The problem lies in the ease of the puzzles and the even excessive linearity of the progression: the campaign has very simple puzzles and an all too obvious path for progression for at least three quarters of the duration; things get slightly complicated only in the final phase, and even in that specific case getting stuck for more than a dozen seconds in front of a puzzle is a rarity. Just to let you know how much of a challenge the game is: we were only really stuck a couple of times during the adventure; both were not due to abstruse puzzles, but to bugs that forced us to restart the last checkpoint to activate platforms that hadn’t started.

The Gunk: the fights are more of an annoyance than anything else

The battles against some monsters in the title do not change much the situation: they are enemies little varied by very simple patterns, which are mostly a nuisance while you resolve the various situations in which Rani is entangled (their general difficulty is lowered as soon as you get some specific upgrades). To further weaken the whole, then, we put just the Gunk: a slime scattered everywhere to be constantly cleaned up in order to reach the next areas.

The elimination of such a blob in itself is not bad: the effect of sucking the glove of Rani is visually very pleasant and clean up three-dimensional maps is almost relaxing most of the time. The overall pace, however, is even too slow, and the need to clear these dark clusters from the path all the time only lowers it further, leading to some stages (especially the initial ones, given the ease) boring.

Technical aspect and judgment: lemon soft

The Gunk: in an alien structure

Let’s be clear, even with all the criticisms just described this is not really a bad video game. The Gunk works, does not last very long and does its dirty work by offering some flashes of fun and intelligence here and there. The problem is its generally mediocre quality, which certainly are not enough a handful of successful moments to lift.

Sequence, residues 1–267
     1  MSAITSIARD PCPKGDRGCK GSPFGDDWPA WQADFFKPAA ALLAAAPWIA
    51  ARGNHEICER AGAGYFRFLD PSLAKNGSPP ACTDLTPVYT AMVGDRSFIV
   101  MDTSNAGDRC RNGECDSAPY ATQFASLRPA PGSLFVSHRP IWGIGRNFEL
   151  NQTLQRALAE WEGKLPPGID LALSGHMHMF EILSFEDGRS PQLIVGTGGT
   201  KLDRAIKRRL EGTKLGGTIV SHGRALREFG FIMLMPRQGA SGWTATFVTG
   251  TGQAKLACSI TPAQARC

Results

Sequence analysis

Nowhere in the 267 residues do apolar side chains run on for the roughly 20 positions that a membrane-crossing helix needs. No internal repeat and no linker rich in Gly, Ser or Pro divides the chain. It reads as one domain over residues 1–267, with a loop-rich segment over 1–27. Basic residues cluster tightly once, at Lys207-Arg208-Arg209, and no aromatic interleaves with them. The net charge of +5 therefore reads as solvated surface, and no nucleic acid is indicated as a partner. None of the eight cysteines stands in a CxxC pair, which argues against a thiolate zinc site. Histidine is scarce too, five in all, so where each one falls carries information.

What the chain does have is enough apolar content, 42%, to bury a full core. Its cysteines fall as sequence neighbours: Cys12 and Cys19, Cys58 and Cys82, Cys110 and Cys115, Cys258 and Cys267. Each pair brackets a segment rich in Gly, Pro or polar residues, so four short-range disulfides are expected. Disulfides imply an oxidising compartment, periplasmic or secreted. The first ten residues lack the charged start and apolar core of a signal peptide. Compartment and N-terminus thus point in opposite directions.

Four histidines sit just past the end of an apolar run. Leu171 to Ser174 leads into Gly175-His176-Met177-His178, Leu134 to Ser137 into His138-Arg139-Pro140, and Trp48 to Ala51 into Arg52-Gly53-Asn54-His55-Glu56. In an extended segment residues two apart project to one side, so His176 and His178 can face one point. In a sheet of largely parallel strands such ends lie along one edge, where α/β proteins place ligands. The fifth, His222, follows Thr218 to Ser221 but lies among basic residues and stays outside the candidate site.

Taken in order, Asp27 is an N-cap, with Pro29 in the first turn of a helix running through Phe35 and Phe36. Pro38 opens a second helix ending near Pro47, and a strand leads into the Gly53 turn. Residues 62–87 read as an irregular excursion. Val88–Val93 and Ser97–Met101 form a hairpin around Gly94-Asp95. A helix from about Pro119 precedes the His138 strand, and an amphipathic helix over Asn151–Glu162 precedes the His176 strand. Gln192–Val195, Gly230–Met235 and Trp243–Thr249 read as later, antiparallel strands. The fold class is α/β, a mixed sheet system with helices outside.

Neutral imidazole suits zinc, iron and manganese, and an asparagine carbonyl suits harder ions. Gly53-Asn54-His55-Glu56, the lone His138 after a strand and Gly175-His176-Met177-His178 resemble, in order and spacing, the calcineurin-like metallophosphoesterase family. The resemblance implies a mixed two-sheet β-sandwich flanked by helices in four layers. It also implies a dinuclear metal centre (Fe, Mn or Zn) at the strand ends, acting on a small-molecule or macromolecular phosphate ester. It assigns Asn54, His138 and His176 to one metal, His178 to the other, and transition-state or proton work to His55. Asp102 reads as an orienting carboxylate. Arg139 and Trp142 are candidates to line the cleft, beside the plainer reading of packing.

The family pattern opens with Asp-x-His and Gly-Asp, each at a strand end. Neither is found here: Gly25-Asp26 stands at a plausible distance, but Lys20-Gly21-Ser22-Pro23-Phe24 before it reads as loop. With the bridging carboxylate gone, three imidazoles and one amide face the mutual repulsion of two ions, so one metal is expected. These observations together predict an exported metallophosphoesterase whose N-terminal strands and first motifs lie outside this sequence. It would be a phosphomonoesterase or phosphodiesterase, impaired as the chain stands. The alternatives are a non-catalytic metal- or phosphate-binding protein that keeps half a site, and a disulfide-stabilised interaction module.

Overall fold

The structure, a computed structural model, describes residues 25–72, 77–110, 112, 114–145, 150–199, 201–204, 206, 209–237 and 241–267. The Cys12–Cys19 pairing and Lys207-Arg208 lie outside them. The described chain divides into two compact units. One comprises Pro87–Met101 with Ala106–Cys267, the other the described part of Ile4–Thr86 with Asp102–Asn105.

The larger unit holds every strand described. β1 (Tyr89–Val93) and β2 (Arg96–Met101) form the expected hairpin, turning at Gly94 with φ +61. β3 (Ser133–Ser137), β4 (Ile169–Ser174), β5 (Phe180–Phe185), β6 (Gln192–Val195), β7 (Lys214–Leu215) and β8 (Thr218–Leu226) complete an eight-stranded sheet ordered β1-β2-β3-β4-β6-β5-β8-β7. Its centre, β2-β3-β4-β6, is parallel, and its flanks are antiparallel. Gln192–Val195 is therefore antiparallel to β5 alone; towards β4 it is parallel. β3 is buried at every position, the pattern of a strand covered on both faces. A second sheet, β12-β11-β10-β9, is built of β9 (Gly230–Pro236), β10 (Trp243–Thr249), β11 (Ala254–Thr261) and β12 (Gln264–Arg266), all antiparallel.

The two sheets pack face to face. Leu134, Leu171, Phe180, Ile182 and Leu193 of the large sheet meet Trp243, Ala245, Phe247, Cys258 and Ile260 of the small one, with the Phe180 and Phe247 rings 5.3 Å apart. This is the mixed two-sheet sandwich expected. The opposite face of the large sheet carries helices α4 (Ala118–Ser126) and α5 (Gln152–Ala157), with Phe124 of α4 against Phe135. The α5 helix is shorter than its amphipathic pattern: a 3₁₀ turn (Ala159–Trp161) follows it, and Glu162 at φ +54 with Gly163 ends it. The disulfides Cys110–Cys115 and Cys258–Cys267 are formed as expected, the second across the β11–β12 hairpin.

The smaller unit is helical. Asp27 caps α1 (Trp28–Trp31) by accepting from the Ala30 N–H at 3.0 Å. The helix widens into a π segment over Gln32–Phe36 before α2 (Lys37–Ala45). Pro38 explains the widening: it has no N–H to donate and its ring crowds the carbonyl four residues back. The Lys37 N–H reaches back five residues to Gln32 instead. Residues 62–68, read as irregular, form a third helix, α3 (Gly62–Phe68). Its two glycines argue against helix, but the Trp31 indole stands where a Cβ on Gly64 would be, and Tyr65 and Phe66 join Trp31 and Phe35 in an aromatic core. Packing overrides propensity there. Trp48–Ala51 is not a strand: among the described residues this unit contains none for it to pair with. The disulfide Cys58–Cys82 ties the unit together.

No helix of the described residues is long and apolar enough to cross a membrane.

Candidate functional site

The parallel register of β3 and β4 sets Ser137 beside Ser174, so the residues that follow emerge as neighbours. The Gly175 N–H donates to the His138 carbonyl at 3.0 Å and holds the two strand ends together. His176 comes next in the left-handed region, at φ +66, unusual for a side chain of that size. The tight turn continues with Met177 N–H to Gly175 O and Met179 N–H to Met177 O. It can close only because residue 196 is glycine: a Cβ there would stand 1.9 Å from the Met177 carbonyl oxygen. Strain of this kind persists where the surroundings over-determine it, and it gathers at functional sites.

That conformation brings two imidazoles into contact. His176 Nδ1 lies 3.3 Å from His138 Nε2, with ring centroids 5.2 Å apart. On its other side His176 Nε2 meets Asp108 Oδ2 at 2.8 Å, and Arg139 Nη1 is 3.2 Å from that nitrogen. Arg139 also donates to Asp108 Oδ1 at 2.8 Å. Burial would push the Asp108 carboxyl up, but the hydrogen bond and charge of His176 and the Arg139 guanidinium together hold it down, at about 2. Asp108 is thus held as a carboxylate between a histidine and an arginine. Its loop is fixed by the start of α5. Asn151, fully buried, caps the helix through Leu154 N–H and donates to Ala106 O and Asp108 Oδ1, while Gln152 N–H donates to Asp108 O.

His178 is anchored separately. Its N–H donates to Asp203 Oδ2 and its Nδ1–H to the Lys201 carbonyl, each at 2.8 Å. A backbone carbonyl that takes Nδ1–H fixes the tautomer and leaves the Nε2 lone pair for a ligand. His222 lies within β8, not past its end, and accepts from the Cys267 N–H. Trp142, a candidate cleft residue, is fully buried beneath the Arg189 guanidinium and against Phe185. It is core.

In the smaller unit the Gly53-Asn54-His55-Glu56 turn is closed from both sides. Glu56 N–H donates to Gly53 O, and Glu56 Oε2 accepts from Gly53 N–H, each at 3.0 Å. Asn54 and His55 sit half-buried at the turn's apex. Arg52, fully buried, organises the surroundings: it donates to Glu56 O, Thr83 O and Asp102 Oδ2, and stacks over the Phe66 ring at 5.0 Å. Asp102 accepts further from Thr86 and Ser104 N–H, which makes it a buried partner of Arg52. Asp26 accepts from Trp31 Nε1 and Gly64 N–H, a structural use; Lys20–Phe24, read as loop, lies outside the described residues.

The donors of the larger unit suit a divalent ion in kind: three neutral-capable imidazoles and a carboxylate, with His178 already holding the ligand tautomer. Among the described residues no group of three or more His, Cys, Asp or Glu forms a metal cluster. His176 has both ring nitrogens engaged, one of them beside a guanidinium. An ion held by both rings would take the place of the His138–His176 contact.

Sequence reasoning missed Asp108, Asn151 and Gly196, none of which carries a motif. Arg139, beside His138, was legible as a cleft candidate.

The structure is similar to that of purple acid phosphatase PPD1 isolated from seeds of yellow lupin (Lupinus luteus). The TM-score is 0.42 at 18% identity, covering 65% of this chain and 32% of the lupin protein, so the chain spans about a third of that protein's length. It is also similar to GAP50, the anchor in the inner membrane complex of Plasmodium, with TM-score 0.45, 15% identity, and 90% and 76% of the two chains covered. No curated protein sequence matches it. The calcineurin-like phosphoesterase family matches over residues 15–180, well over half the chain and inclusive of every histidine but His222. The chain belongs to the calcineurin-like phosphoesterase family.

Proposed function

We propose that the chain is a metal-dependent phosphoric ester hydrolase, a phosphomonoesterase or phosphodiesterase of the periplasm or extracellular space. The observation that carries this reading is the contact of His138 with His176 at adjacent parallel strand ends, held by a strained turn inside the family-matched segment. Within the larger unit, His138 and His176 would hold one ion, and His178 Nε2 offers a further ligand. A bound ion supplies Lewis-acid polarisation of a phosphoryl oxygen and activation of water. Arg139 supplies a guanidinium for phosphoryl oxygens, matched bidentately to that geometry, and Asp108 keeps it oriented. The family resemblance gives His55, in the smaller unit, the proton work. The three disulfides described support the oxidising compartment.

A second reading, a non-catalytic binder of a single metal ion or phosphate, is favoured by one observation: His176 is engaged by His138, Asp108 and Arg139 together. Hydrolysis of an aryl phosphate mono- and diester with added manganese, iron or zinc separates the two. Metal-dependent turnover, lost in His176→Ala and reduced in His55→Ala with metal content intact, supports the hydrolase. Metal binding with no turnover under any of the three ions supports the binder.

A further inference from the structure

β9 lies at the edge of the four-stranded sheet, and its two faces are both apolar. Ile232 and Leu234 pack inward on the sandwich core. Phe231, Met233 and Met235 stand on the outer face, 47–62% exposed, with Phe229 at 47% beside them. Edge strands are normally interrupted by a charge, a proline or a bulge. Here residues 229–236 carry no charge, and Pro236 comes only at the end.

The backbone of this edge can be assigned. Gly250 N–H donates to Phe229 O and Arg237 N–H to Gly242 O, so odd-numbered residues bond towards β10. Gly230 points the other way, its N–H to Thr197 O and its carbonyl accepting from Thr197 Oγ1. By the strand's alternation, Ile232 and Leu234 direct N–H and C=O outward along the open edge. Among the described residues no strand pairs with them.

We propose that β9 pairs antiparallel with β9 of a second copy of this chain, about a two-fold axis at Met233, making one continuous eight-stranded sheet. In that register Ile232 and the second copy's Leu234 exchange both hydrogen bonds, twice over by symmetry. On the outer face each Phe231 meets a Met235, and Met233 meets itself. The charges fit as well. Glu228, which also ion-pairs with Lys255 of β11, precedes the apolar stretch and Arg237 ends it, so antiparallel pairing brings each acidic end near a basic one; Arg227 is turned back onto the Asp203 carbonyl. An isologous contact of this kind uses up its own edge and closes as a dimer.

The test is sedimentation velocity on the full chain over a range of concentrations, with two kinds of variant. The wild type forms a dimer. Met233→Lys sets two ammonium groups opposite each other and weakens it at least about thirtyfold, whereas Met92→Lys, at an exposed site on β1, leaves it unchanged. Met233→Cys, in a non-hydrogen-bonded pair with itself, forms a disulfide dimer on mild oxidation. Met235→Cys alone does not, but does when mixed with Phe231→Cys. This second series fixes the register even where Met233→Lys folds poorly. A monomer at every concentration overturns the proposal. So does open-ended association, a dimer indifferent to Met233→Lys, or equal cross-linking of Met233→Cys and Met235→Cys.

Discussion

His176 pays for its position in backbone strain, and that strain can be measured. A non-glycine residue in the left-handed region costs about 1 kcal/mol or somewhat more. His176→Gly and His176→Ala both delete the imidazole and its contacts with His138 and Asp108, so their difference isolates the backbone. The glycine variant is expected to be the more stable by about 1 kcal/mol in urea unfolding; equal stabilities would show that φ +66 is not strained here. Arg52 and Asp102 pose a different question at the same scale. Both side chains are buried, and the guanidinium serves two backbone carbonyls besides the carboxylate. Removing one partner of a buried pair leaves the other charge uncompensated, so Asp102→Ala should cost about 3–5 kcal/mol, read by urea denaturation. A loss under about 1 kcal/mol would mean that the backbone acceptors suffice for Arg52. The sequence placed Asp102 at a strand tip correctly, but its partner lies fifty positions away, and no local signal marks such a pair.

This general level “just enough”, however, is also found in the technical sector, where outside of the effects related to Gunk that we have previously described there is really little of note to speak of. The three-dimensional models of maps and characters are nice, but far from being superlative, the animations are woody and art direction is dull. In general, the most annoying thing were some bugs: some minor – such as platforms that become “solid” slightly late, or hiccups in the physics engine – others significantly more critical, such as those that forced us a few times to reset. Many of these bugs if anything seem known, so it is plausible that the team will eliminate them with the first patches.

The one element that stands out? The soundtrack. The sound design of the game is remarkable, and accompanies the events with absolutely apt sounds, moving from incredibly relaxing music during the quiet phases, to more tense moments clearly underlined by melodies more hostile and disturbing. From the team at the reins of this work, however, we really expected much more.

Comment

It would be unfair to call The Gunk a false step for Image & Form. Overall it is a sufficient title, marred by a pace too compassionate (although at times relaxing) and a progression too guided. From this team, however, we expected a significantly better starting point for a transition to a “second phase” more full of ambition. Too bad, but there is time to overcome and translate the talent demonstrated in the past in three dimensions.

PRO

  • Overall, it’s a fairly enjoyable title that doesn’t last longer than it should
  • Eliminating Gunk is relaxing at times
  • Excellent sound design
  • Mediocre or barely sufficient in far too many respects
  • Rhythm problems
  • A few too many annoying bugs
  • Have you noticed any errors?